Few people, especially those within healthcare, are unaware that the COVID-19 pandemic has hit the nursing home and long-term care areas of the care continuum harder than anywhere else. The skilled nursing environment has, unfortunately, become a place where COVID-19 is easily transferred between patients, residents, family members, and staff, necessitating lockdowns, the prohibition of visitors, and elimination of resident gatherings. While some measures have been successful in preventing additional widespread infection and loss of life, there are inherent challenges for this care environment in the face of a pandemic. According to a recent media briefing about nursing facilities and the COVID-19 pandemic, Duke University eldercare experts emphasized that “Nursing homes will continue to be COVID-19 hotspots until state and federal officials can institute sweeping testing of asymptomatic patients and workers.”
This blog post is the first in our series based on the HealthStream article, 10 Considerations for COVID-19 and Long-Term Care, which examines specific considerations and recommendations to improve the prospects for people living in this long term care, offered by three Duke experts in the eldercare and public policy space.
Nursing Homes Are Virus Transmission Hotspots
When referencing nursing homes, it is important to consider more than long-term residents. In addition to a constant flow of shift-based workers, some of whom work at multiple facilities, where they could potentially catch an infection or transmit one, there can be a sizeable proportion of short-term residents who are in the facility for rehabilitation after surgery or another healthcare purpose. Even if families and other visitors are restricted or prohibited, this work environment is not a closed circle and involves a substantial flow of traffic in and out, with significant challenges for preventing infection transmission. According to Donald Taylor, public policy professor and Director, Social Science Research Center at Duke, “Given asymptomatic transmission of the disease, we probably will not be able to get control of this in nursing homes without asymptomatic testing. We don’t know what that protocol of testing… will look like, but we desperately need evidence. If we don’t manage to control the epidemic within nursing homes, we’re not going to control it in the United States.”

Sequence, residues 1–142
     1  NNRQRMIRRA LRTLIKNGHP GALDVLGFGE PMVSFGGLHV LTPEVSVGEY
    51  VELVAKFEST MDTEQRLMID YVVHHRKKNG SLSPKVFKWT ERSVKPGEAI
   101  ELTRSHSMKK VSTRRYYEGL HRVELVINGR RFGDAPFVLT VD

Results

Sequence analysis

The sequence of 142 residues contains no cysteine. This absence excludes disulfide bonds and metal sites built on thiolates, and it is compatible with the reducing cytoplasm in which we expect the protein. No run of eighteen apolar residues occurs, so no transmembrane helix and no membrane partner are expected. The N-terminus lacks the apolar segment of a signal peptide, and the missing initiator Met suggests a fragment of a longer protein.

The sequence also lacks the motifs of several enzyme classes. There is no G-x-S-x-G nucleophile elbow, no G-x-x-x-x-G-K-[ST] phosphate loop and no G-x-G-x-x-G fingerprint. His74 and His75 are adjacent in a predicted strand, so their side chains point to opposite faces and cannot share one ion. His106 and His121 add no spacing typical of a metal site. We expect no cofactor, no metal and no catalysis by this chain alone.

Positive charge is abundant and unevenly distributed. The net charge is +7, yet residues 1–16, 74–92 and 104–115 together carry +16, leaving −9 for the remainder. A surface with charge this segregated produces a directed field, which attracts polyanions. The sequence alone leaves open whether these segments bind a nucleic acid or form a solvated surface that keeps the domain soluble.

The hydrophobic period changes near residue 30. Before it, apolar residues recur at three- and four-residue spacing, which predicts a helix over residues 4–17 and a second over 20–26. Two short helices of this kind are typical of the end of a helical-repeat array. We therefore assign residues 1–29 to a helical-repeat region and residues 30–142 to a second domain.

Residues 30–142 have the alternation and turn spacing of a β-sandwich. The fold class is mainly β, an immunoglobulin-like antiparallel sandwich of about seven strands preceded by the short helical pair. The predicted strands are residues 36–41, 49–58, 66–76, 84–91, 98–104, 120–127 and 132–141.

About the Experts
Nathan Boucher is an Assistant Research Professor in the Sanford School of Public Policy at Duke. He studies patients’ and caregivers’ experiences and expectations of health care delivery during advanced illness and near the end of life.
Eleanor Schildwachter McConnell is an Associate Professor at the Duke University School of Nursing. She studies factors that influence functional decline in very frail older adults. Her research has been funded by the National Institute of Nursing Research and the Department of Veterans Affairs.
Donald Taylor is a Professor of Public Policy who researches aging and comparative health systems, including Medicare, long-term care, and health policy. Taylor also directs Duke’s Social Science Research Center.
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